39. says

    For you to achieve your goals, you have to at least to keep your head in the game. This is a well-written post and it empowers people not to quit and have the never-say-die attitude. Just be true to yourself, there’s no stopping you.

  40. says

    I LOVE showing my female clients that they ROCK! I like to push them; stop them from saying that they “can’t”; make them smile; and help them realize how awesome and unstoppable they are for just showing up. Because sometimes showing up is the hardest part! Seeing my women clients do all of this today, makes me feel unstoppable. :)

  41. says

    Love your three concepts. As for me… something about ‘backing myself’ or reducing my self-doubt / fear of failure is probably what I need to work on if I’m to be a role model for future generations!

  42. says

    As one of the 6 out of 10 girls back in the day, I can totally relate to this. My confidence growing up was horrible. It’s only gotten better with age. My kids are only 3 but I’m hoping that I’m giving them the unstoppable confidence that will power them for years.

  43. says

    I have goosebumps after reading this. I’m a big proponent of self-esteem and confidence, especially for girls and young women. BTW, I love the quote by Jess Weiner.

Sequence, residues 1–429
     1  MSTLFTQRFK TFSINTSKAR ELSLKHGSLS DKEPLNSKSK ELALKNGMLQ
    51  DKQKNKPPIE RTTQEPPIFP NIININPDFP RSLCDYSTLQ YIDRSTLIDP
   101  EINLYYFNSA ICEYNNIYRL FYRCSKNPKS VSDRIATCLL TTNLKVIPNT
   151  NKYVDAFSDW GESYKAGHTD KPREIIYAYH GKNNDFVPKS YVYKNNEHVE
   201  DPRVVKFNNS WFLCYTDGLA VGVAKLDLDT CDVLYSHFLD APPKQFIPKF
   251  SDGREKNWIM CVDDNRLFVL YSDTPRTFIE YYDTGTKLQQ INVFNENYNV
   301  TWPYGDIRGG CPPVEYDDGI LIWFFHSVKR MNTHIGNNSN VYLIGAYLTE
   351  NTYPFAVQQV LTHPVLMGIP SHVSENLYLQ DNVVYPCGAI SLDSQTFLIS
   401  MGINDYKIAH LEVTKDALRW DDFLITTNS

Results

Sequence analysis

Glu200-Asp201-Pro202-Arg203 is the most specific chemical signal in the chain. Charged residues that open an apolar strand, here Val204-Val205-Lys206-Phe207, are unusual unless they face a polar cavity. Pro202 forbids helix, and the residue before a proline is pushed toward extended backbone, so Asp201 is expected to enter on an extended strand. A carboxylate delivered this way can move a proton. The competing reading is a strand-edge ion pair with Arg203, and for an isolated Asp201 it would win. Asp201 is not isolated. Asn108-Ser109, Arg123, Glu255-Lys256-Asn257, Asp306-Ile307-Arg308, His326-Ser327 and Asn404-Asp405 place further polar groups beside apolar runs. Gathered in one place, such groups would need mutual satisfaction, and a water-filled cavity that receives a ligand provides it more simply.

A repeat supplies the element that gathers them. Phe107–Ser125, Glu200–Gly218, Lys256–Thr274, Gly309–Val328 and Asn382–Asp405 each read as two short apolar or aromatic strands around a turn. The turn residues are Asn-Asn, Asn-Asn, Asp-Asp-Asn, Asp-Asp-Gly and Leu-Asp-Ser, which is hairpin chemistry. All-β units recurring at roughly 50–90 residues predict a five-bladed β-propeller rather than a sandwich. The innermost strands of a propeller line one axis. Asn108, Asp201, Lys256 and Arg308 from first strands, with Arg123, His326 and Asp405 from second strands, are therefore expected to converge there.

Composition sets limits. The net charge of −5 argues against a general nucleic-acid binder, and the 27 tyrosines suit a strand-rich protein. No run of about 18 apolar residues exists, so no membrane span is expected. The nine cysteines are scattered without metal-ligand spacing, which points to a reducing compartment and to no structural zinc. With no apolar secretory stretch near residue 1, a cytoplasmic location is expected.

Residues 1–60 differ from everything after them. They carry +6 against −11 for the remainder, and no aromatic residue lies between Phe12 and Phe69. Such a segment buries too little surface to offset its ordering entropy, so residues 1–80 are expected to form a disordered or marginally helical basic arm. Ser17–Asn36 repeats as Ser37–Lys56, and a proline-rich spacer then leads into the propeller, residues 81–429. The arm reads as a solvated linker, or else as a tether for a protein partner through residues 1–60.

44. says

    You are awesome, seriously. I think you’re more amazing than you think you are. Love how positive you are.

  45. Body FX Nutrition says

    Love the post. Your confidence is exhilarating. Fitness and nutrition go hand and hand and help to keep the mind and body strong. However, your will to accomplish goals shows in your accomplishments. Stay Strong!

  46. Richard says

    Wow what a powerful message. This surely can apply to everyone in this world. We all need to choose good quality friends that support us and our positive lifestyle habits. My Son gets frustrated when falling short of a goal, but we rehash, adapt and grow from this. It’s all good, no loser here, just ‘live and learn’. Thanks so much for the great post.